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Grab to charge 30-cent platform fee for most rides in Singapore from Dec 18

SINGAPORE — From next Friday (Dec 18), Grab will start charging a 30-cent platform fee for most of its ride-hailing services.

Grab's offices at Midview City in Sin Ming. The 30-cent platform fee, which includes Goods and Services Tax, will kick in on Dec 18, 2020.

Grab's offices at Midview City in Sin Ming. The 30-cent platform fee, which includes Goods and Services Tax, will kick in on Dec 18, 2020.

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  • The 30-cent fee will be borne by passengers
  • It will fund Grab’s services and support for its drivers
  • It will be applied to all rides except those on GrabHitch and GrabResponse

 

SINGAPORE — From next Friday (Dec 18), Grab will start charging a 30-cent platform fee for most of its ride-hailing services.

The news came three weeks after Singapore’s competition watchdog released the ride-hailing firm from the directives it imposed after Grab’s merger with Uber in 2018. These included ordering the firm to keep its pricing and pricing policies before the merger. 

Grab said on its website on Friday that the fee, which includes Goods and Services Tax, would be borne by passengers, and would go towards improving the firm’s services and supporting its drivers.

It will be applied to all rides booked through the Grab mobile application — except for GrabHitch, its social carpooling option, and GrabResponse, its non-emergency hospital transport service.

The company said that the platform fee was an “industry-standard fee” that many online platforms, such as delivery services, ride-hailing companies and vacation rental sites, impose for using their services. 

Two-thirds of the 30-cent fee will go towards improving and covering the costs of ensuring the safety, security and quality of its services, Grab said. 

The remaining one-third will be used for benefits and training allowances for drivers. These include a planned increase in contributions to a programme that matches drivers’ payments to Medisave, the national medical savings scheme.

The platform fee comes on top of a commission that Grab collects from each trip. Grab will continue taking the commission of up to 20 per cent from the fare of every ride, excluding the new platform fee. 

University student Nicolas Mok said that while he is unhappy with the fare hike, it will not stop him from booking Grab rides so long as they are the cheapest option at the time.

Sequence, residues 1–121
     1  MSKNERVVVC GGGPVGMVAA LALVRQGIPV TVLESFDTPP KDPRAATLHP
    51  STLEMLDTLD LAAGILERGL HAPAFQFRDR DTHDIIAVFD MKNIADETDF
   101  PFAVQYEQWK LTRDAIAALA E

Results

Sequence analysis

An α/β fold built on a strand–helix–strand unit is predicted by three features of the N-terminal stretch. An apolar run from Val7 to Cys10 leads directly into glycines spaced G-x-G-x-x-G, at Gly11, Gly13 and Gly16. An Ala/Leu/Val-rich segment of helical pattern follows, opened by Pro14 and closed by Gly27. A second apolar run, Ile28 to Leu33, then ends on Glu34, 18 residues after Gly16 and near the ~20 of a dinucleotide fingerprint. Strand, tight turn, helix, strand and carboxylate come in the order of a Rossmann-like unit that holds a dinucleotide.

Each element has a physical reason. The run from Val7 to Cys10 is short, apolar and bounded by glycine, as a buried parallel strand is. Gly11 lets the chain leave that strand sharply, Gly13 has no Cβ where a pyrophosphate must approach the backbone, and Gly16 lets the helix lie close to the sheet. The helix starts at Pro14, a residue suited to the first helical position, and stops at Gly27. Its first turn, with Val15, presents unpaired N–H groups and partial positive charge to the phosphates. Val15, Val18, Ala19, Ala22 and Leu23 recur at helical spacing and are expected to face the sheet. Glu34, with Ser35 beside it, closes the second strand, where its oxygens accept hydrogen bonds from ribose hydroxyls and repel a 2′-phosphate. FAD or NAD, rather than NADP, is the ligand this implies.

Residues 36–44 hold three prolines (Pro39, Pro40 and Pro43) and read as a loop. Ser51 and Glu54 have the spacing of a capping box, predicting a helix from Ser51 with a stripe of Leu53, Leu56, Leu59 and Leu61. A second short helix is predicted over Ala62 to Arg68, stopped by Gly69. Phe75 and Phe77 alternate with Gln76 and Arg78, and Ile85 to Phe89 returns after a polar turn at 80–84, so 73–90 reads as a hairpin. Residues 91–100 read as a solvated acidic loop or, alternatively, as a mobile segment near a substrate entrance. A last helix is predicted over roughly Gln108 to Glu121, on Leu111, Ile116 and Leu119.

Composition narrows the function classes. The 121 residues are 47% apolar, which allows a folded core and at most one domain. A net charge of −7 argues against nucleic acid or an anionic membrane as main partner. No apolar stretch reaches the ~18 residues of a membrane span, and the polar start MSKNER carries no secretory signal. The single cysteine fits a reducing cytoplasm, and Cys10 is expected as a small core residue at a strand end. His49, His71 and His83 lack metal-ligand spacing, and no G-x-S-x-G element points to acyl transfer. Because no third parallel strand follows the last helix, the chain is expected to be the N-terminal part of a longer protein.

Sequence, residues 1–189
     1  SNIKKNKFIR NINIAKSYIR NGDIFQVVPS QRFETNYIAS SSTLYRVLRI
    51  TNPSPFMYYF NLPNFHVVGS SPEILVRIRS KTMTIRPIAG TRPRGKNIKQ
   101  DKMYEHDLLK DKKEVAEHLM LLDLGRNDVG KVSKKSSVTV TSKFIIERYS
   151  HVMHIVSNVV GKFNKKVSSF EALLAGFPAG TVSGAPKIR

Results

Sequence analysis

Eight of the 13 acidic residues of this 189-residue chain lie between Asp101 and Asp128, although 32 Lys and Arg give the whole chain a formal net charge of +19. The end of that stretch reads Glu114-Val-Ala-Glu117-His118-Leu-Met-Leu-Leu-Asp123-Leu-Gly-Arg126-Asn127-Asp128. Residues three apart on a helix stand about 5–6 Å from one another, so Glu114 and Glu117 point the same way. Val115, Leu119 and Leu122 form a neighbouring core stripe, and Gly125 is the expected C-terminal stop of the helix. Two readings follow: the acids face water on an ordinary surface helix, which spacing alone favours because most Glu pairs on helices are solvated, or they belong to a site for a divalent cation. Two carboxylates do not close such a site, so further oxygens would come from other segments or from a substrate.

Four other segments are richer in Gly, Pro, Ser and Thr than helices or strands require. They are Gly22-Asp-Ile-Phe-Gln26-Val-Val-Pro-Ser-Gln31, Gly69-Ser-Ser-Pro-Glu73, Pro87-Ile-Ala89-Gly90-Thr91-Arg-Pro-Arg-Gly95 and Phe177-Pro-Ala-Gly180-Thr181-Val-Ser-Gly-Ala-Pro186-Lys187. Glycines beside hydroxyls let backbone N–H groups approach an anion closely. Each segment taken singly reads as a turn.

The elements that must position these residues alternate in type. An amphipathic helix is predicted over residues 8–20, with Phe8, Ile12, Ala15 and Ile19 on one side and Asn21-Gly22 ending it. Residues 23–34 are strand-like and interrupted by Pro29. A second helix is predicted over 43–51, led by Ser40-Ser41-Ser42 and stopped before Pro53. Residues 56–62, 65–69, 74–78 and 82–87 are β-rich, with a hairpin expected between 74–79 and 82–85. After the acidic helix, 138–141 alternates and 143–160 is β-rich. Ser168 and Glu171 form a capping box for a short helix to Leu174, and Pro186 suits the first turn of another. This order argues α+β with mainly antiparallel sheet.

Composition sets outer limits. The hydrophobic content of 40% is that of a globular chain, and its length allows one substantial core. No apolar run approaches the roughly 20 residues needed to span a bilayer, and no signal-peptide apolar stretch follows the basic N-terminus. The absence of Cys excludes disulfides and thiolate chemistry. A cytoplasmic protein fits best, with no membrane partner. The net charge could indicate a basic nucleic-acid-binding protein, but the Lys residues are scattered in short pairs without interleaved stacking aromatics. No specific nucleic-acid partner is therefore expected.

“I usually only take Grab (rides) for certain situations like if I’m in a hurry, or it’s late or if I’m very tired. In those scenarios, I don’t think this increase would really affect my decision,” said the 24-year-old, who takes a private-hire ride twice a week.

Grab driver Gary Tan expressed concern that the new fee might cause users to switch to other ride-hailing apps.

“With the pandemic going on, our business is already affected quite a fair bit — especially for me, driving the night shift, business has dropped a lot because the nightlife has been taken out,” said the 49-year-old, who drives almost exclusively for Grab.

He suggested that Grab could instead better look out for its drivers by reaching out to them to hear the difficulties they face on the job.

The Indonesian firm Gojek, Grab’s main rival in Singapore, introduced a 70-cent platform fee here in March. 

At present, Grab also levies a 20-cent platform fee on orders made via its food delivery service GrabFood. 

The Competition and Consumer Commission of Singapore (CCCS) announced on Nov 20 that it would release Grab from the directives it imposed on the firm two years ago. 

In a statement soon afterwards, Grab said it would be “prudent” with its pricing structure and policies. It pledged that for the time being, the platform fee was the only change it would make to its fares.

CCCS imposed the directives as part of an infringement decision against Grab and Uber after the sale of Uber’s Southeast Asian business to Grab in March 2018. The deal violated competition laws. 

Earlier this month, reports emerged of a potential merger between Grab and Gojek. CCCS is looking into the matter.

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